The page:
Statistical Approaches to Spaceflight Data
Follow us on Twitter to join the conversation: @HopkinsatHome, #HopkinsatHome
REGISTER to join the livestream on March 16th at 2:00 PM ET
Please join us March 16 at 2 p.m. for the next bioastronautics@hopkins Mini-Symposium. Speakers will include Dr. Robert Reynolds, current visiting data scientist at NASA’s Human Health and Performance Directorate, and Dr. Robert Ploutz-Snyder, Assistant Dean of Research and Scholarship, at the University of Michigan School of Nursing. Ploutz-Snyder directs the School of Nursing’s Applied Biostatistics Laboratory.
Dr. Robert Reynolds
Dr. Robert Reynolds, currently serves as the Visiting Data Scientist for NASA’s Human Health and Performance Directorate (HHPD) at Johnson Space Center in Houston, TX. In this role he helps NASA apply data science and advanced analytics to manage the human systems risk of space flight. Outside of NASA, he studies the long-term morbidity and mortality of highly selected occupational cohorts, such as professional athletes (NBA and MLB) and astronauts (NASA, international partner astronauts, and Russian Cosmonauts). He is also an experienced analytics leader in the healthcare space, having led teams of biostasticians, epidemiologists, and data scientists in commercial and Medicaid health insurers.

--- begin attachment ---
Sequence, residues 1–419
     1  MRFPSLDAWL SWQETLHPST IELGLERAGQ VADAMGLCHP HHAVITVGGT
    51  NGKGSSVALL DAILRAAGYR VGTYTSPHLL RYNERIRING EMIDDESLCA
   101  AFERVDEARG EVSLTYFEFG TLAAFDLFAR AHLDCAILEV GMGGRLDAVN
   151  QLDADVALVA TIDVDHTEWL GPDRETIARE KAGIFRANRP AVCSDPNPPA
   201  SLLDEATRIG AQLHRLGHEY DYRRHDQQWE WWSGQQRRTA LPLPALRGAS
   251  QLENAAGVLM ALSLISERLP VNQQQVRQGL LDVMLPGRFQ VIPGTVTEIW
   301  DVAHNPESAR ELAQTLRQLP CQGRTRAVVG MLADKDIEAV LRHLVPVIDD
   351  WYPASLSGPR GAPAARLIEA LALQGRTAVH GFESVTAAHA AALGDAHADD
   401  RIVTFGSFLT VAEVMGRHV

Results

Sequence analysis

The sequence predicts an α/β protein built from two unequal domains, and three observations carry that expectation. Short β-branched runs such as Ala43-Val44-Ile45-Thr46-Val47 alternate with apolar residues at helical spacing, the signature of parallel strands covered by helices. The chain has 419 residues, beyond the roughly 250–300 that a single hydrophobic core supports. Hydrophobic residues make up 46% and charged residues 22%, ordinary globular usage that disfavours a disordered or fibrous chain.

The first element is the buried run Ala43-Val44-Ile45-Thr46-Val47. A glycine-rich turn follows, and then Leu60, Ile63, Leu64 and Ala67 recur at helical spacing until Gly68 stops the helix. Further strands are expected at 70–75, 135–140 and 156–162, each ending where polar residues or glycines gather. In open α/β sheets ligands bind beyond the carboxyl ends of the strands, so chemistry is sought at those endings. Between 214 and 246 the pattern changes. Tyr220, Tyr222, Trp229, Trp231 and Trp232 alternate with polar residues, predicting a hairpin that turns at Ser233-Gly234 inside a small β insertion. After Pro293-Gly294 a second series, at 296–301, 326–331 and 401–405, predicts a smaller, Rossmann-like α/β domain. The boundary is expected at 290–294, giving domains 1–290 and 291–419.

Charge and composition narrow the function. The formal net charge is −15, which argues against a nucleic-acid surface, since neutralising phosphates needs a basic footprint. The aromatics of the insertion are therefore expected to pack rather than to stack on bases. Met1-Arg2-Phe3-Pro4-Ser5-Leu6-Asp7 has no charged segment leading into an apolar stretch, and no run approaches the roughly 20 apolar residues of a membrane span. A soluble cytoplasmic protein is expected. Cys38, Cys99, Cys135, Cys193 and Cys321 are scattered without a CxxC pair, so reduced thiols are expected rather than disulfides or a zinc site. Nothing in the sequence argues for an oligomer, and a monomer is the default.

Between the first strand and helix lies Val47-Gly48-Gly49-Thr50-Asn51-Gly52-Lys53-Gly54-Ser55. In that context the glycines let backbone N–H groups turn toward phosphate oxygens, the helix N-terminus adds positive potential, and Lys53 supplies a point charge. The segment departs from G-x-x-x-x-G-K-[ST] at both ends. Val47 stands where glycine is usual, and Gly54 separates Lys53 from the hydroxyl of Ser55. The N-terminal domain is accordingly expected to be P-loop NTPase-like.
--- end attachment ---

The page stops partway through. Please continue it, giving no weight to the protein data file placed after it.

Dr. Robert Ploutz-Snyder
Dr. Robert Ploutz-Snyder directs the University of Michigan School of Nursing’s Applied Biostatistics Laboratory, whose primary mission is to partner with other Nursing faculty in order to further advance the methodological & statistical rigor of our science, and increase our success-rate for external support. He is a member and is among the first 100 professionally accredited statisticians in the American Statistical Association (Pstat®). Prior to assuming his current role, he was a lead Biostatistician in NASA’s Human Research Program at the Johnson Space Center, where he collaborated on numerous grants aimed at better understanding and mitigating the negative effects of spaceflight on humans. Prior to NASA, he was an Associate Professor of Medicine at the SUNY Upstate Medical University in Syracuse, NY, with a highly successful track record of grant collaborations and scholarship.